Option 2: TDM Plan
This compliance option involves developing a Transportation Demand Management (TDM) plan for your office. The TDM plan must list strategies and a timeline for reducing the number of employee commuter trips made by car by at least 10% from the previous year, until 25% or less of employee commuter trips are made by car, including for-hire vehicles. Note: Your TDM Plan is subject to DDOT review and approval; revisions may be required after the reporting deadline has passed.
Option 3: Clean Air Compliance Fee
Employers who choose not to implement the first two options can still comply by paying a Clear Air Compliance Fee which is equal to $100/per month for each employee who is offered a parking benefit.
Compliance Tip: Discontinue Free or Subsidized Parking
By discontinuing free or subsidized parking, you remove the criteria that requires you to comply with the law. Out of all the options, removing parking benefits is the quickest and most cost-effective way of complying with the law. Note: If you choose this option you still need to report to DDOT every two years that you do not provide free or subsidized parking.
Check out our latest webinar and our DC Parking Cashout Law Toolkit for more information on compliance options and how to implement them.
Every two years, DC employers with 20 or more covered employees will need to submit a report to the District Department of Transportation detailing how they are complying with the law or if an exemption applies. The first report is to be submitted by January 15, 2023. Reporting requirements differ by compliance option and exemption. Check out page 11 & 12 of our DC Parking Cashout Law Toolkit for more information on reporting.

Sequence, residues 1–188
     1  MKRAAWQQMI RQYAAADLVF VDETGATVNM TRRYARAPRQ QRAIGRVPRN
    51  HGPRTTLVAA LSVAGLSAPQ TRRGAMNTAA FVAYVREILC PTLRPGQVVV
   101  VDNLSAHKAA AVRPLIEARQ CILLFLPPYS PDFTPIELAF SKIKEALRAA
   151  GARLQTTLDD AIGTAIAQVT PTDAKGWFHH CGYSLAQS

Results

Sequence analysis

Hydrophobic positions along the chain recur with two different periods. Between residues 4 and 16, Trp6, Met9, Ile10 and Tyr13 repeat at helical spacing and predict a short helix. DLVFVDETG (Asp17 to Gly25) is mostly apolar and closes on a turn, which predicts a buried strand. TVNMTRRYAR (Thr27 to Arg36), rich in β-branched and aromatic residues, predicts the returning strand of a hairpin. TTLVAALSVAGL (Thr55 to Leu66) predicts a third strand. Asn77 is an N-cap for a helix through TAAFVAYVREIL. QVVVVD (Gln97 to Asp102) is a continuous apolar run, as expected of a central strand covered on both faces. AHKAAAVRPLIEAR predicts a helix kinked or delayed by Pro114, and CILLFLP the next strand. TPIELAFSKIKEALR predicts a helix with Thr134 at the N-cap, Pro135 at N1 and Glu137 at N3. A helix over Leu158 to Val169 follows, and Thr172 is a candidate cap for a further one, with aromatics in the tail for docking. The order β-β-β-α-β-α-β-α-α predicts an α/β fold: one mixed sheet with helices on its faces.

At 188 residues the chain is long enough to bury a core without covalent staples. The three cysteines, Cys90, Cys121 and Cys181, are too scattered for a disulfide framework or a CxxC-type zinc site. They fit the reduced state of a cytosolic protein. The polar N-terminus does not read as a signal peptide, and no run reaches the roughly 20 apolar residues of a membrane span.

All those required to report must use DDOT’s reporting system to submit their compliance or exemption information. Check out our latest webinar recording to understand how to use the reporting system.
Frequently Ask Questions
What if I have over 20 employees but don’t offer free or subsidized parking?
Then you will need to report that you do not offer a parking benefit to DDOT every two years starting January 15, 2023.
I have over 20 covered employees but I only offer 10 of them a parking benefit, do I have to comply?
Yes, you have to comply if you have over 20 covered employees and offer a parking benefit – it does not matter how many you offer the benefit to.
Is offering Pre-Tax Parking benefits considered a parking benefit that triggers compliance?
No, offering pre-tax parking benefits does not count as free or subsidized parking.